Observation in function
19 Jun – 15 Aug 2021
Blue Mountains ceramicist, Oliver Carney says he is driven to create works that reflect and interpret the moods, forms and experiences of the Upper Blue Mountains to a wider world. Carney has been creating pottery for only four years, inspired through his clay and glazes by the Blue Mountains bush.
“I think I understand the bush. I’ve lived here my whole life. You look at rock faces, then do a drawing of the bush and later that becomes a motif in a pot that … becomes very distant [from the original work]. Like these are not pots based on the waterfalls of the Blue Mountains but they probably are to an extent, just in the way you construct lines and forms.”
He explored his creativity while completing a Bachelor of Product Design at UTS in 2018, learning how to make technology interfaces more human; though this left him wanting a more analogue life.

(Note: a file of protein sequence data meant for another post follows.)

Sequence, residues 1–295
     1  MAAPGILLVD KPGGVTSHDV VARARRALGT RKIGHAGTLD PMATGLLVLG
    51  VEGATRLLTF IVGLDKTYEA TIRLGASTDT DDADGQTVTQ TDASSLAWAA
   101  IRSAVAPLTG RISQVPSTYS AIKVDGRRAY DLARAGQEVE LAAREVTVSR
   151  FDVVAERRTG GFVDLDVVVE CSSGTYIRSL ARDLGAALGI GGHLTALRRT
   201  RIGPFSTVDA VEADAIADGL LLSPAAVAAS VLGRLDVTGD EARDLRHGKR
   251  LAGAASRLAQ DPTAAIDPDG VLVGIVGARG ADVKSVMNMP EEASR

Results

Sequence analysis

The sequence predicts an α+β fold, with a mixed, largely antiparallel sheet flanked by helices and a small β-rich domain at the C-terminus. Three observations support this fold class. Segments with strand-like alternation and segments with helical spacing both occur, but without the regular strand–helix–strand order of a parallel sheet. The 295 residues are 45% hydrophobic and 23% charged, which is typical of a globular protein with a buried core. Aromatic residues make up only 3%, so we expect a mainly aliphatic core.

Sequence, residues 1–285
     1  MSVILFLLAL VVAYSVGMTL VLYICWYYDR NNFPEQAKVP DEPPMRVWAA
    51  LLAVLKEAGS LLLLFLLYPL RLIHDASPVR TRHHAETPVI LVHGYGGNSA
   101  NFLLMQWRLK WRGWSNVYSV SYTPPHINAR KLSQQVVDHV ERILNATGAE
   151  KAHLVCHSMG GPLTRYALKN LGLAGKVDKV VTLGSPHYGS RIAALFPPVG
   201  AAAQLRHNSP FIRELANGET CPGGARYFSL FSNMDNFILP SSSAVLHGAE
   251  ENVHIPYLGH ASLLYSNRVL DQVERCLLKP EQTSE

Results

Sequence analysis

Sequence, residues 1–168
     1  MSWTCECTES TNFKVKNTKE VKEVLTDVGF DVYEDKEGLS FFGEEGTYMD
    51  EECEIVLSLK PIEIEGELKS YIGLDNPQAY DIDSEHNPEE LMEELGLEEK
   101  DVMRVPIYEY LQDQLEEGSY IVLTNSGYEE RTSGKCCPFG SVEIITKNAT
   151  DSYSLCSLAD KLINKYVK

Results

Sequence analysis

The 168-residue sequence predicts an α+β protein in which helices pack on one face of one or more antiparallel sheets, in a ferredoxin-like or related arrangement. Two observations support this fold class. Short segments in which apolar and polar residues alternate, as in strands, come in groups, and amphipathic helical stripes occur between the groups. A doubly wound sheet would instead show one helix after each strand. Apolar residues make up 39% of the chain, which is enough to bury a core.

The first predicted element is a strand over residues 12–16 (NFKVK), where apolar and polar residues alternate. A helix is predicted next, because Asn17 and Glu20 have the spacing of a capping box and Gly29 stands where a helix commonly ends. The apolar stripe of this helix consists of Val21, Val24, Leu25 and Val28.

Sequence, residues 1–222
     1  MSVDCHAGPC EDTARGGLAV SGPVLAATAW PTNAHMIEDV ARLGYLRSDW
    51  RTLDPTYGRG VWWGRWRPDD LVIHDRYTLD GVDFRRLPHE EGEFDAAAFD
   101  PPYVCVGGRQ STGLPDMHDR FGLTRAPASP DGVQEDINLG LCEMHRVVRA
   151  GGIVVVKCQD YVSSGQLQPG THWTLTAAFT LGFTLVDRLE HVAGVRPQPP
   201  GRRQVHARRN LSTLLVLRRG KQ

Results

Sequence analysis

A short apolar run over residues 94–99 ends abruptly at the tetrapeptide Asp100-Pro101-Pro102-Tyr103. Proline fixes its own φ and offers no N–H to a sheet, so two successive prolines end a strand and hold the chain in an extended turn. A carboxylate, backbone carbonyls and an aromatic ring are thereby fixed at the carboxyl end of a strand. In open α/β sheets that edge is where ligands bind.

Carney longed to build and engage with materials directly and soon became interested in the tactile field of ceramics. With clay, Carney realised it was possible to combine utilitarianism with creativity. Having never studied ceramics formally, Carney taught himself techniques such as throwing and hand-building. The pieces on exhibition are all wheel thrown and assembled by hand; made from red stoneware, handmade glazes and fired in an electric kiln between 1260-1280 degrees. You can see components of Carney’s design degree in this current body of work with its methodical design, disciplined craftsmanship and an engineering exactitude.
In this exhibition we experience the work of a young, self-taught artist who is industrious and inquisitive. Carney’s approach to ceramics is a process of continually evolving shapes and forms to better enhance the functionality. Providing grand proportions to the humble bud vase or creating non-functional wall plates – he has studiously learnt the ‘rules’ so he can better disrupt them.
The young potter has also been acknowledged for his originality winning the Little Things Art Prize for ceramics in Sydney, 2018. It [Little Things] was the first ceramics competition I had entered… it’s all about how you should enjoy the smaller things, Carney said.
Image: Oliver Carney Standing discus vase, stoneware, glaze 2020, Photo: artists own